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Some deaths in custody could be averted if the Prison Service had access to the Police National Computer, an independent forum has said.

The Forum for Preventing Deaths in Custody says it wants a more joined-up approach between the Prison Service and police to reduce the number of deaths in custody from non-natural causes.

Publishing its first annual report, the forum has found that around 600 people die each year in custody. Although many of these deaths are through natural causes, some follow as a result of apparent suicide attempts and some from other non-natural causes. The forum believes that some of these deaths could and should have been prevented.

One practice that could help avert unnecessary deaths is improved communication between the Prison Service and police. The forum says if prison staff had access to the Police National Computer (PNC) they would be able to make better risk assessments.

"By allowing the Prison Service to enter data, the police would also be more aware of safety issues when the person concerned is next dealt with by police officers", says the report.

But differences have surfaced between the two bodies as to how and when this should happen.

A spokesperson for the Ministry of Justice refused to elaborate on these differences, but said the vast amount of sensitive data on the PNC meant that widening access to a tool that was "for the police, by the police" raised a number of issues.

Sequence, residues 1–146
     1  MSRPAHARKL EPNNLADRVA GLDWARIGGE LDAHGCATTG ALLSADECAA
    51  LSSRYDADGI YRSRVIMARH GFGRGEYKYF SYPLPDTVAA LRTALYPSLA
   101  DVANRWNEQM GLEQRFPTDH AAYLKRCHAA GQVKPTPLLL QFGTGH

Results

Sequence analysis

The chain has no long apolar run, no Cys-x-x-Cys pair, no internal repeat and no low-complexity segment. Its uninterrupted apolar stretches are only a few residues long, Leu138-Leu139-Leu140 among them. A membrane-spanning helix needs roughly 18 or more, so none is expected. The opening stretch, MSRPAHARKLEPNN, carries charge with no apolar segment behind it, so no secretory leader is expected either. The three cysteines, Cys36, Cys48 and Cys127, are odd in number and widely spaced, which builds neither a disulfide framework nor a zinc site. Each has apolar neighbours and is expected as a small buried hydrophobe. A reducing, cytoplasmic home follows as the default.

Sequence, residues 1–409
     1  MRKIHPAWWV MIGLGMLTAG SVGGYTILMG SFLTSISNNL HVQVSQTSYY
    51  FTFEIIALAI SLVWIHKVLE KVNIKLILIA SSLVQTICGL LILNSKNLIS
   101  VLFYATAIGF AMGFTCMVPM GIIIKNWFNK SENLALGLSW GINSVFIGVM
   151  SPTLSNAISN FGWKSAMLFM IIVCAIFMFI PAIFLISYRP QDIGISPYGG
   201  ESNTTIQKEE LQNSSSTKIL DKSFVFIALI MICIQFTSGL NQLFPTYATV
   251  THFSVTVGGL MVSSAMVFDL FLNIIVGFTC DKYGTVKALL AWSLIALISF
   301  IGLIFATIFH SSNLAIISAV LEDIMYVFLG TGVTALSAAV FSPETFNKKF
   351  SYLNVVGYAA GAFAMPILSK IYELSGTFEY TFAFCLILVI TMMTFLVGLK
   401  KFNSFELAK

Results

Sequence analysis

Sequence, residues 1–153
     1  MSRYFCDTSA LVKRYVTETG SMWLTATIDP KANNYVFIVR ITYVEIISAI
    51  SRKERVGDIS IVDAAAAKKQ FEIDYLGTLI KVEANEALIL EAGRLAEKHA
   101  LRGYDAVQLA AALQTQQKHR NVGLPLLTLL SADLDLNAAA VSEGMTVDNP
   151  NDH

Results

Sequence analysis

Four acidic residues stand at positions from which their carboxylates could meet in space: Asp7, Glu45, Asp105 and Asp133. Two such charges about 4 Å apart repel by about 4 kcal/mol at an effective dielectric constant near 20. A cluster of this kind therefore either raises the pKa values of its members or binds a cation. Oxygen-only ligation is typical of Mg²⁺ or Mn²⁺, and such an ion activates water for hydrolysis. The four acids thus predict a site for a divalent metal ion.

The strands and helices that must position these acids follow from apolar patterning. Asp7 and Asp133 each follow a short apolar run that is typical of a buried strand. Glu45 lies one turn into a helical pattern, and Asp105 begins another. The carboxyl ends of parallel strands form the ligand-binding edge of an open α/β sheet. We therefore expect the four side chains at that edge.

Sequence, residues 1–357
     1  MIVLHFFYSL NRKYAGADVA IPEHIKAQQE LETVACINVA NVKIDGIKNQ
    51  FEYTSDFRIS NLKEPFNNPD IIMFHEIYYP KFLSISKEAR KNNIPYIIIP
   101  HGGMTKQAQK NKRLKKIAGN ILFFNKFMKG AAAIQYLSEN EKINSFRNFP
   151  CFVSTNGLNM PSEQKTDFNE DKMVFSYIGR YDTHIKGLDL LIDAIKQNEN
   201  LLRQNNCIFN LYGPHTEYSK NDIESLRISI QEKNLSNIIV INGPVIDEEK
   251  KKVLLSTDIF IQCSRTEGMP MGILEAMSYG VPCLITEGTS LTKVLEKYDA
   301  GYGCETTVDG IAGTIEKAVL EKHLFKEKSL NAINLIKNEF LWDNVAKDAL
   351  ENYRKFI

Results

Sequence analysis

She told GC News: "Dialogue is ongoing between the Prison Service and the Association of Chief Police Officers on how to improve data sharing between the police and prison services, while protecting the security of the sensitive information held."

The Prison Service currently has read-only access to limited data held on the PNC database to assist with risk assessments of individuals. An interim solution is in place for individual prisons to inform their local PNC bureau by phone or fax of any prisoner at risk of self-harm.

Forum chair John Wadham told GC News: "We believe that there are many advantages to the Prison Service having access to, and being able to add information onto, the PNC.

"We understand that there are cost implications and issues of data protection to be taken into account but, in our view, shared access to PNC could help the two organisations to communicate crucial information about an individual's risks and vulnerabilities. We will therefore continue to focus on bringing together police and Prison Service representatives to take this forward."

The work of the forum includes deaths of people in prison, police stations, immigration detention and secure mental hospitals. It also covers those who have been released from custody and are under supervision of the National Probation Service.

This article was originally published at Kablenet.

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